The field of African literature itself as an academic discipline and a political tool against decolonization is linked to the struggle against colonialism in Africa. During the wave of anti-colonial movements in Africa, aesthetic or creative freedom was also seen as part and parcel of the movement for political freedom. Africans from the mainland and the Diaspora studying in Europe and the Americas saw themselves as one and the same color, facing the same or similar situations. Aimé Césaire from the Caribbean (Martinique) initiated the Negritude movement, which rejected Eurocentrism and affirmed African cultural heritage and racial pride. Léopold Senghor of Senegal became one of the foremost earliest proponents of Negritude, followed by others renowned writers such as the poet David Diop.

In the United States of America, there was the Harlem Renaissance that produced many of the greatest African-American creative writers of the last century. Langston Hughes and Richard Wright, whose writings inspired many worldwide, were among this group. In Africa, many of the creative writers of the anti-colonial era were also part of the voices of independence. Their voices were heard both in their writings and their activities against colonialism. Chinua Achebe’s Things Fall Apart and Ngugi wa Thiong’o’s Weep Not Child speak of the struggle of the African masses against colonialism. Simon Gikandi in his Theory, Literature, and Moral Considerations attests to the role writers in Africa played during the decolonization when he writes: “The artist had, after all, been an ally of the politician during the nationalism struggle, while becoming a writer had been one of the most important sources of legitimacy for the political class in Africa” (1).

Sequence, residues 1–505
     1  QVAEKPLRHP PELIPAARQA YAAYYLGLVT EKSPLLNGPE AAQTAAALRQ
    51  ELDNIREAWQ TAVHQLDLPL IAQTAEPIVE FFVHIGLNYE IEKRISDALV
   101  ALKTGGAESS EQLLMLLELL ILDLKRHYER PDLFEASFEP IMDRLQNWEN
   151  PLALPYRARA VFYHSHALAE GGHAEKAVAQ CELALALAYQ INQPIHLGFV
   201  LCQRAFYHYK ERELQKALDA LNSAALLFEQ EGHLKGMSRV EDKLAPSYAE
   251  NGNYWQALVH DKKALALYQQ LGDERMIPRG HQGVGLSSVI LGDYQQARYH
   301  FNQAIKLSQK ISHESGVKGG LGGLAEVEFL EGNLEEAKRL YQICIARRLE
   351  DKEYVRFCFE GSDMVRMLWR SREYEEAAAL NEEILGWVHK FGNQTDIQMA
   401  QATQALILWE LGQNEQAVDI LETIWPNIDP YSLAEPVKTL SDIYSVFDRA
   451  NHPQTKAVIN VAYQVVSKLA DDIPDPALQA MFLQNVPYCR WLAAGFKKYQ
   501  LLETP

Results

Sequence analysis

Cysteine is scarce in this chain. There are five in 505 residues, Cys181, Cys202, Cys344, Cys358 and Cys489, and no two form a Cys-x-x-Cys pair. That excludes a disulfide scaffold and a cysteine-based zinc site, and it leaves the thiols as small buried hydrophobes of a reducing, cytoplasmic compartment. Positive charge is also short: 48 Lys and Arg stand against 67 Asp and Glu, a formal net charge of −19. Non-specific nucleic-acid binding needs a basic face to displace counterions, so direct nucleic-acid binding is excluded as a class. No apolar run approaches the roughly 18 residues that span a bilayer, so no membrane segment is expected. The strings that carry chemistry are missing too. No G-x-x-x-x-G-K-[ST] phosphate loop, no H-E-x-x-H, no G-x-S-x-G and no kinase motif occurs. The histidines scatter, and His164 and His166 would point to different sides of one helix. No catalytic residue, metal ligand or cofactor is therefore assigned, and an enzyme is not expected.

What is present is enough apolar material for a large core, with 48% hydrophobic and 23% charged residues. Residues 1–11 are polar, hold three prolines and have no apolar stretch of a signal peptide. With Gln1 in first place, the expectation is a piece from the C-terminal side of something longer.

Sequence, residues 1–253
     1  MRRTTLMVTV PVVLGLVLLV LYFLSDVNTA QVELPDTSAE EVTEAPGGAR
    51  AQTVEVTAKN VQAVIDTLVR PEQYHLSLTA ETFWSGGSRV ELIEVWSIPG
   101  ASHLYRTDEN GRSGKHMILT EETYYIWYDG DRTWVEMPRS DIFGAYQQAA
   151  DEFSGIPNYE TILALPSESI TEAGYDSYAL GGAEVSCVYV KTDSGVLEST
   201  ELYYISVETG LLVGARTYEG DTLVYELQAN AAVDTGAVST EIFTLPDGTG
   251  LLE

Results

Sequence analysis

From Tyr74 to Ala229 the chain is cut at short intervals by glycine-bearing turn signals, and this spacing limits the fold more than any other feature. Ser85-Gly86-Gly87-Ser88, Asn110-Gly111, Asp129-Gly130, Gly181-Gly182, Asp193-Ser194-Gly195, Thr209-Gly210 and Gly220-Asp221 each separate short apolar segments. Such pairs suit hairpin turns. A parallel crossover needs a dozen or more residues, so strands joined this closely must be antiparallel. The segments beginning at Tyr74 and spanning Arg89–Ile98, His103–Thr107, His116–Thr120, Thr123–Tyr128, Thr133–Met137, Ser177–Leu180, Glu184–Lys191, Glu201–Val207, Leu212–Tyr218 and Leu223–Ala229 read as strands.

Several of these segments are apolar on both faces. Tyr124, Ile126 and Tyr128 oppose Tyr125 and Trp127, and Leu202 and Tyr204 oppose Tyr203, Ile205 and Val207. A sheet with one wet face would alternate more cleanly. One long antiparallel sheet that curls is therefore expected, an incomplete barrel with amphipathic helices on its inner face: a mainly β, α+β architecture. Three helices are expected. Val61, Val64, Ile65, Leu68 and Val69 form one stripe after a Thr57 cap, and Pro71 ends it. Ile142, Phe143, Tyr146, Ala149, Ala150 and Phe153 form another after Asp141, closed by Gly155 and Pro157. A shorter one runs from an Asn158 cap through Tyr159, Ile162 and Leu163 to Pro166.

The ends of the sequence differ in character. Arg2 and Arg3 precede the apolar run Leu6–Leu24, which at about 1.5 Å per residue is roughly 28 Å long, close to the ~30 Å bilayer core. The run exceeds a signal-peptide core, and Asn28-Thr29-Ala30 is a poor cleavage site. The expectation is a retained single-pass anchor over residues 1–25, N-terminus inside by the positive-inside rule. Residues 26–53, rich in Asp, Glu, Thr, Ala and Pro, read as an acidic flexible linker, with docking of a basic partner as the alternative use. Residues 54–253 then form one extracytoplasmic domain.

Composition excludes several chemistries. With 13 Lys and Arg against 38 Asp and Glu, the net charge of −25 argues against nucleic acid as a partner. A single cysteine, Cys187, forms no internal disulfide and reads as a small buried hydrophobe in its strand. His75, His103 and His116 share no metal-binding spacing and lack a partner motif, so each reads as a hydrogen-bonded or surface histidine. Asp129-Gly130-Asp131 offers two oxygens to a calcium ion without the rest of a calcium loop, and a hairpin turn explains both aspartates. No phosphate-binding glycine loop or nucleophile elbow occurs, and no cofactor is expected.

African literature gradually evolved into a special discipline associated with literary education in the western world. Hence, the canons associated with English literature became the canons by which African literature was judged. These canons also became the standard that guided African writers. However, the late 1960s witnessed a wave of leading African "rebel" writers and academics who rejected the subjugation of African literature and languages in favor of the Eurocentric criterion. For them, the creation of an African canon was essential to the decolonization process and the reclamation of African cultural identity. This radical metamorphosis was led mainly by Ngugi wa Thiong'o, Henry Owour Anyumba, and Taban Lo Liyong who, on October 24, 1968, re-echoed their position that was earlier presented in September 1968 to the Arts Faculty Board of the University of Nairobi.

These men wrote, "One of the things which has [sic] been hindering a radical outlook in our study of literature in Africa is the question of literary excellence; that only works of undisputed literacy excellence should be offered. (In this case it meant virtually the study of disputable 'peaks' of English literature.) The question of literary excellence implies a value judgment as to what is literary and what is excellence, and from whose point of view. For any group it is better to study representative works which mirror their society rather than a foreign culture.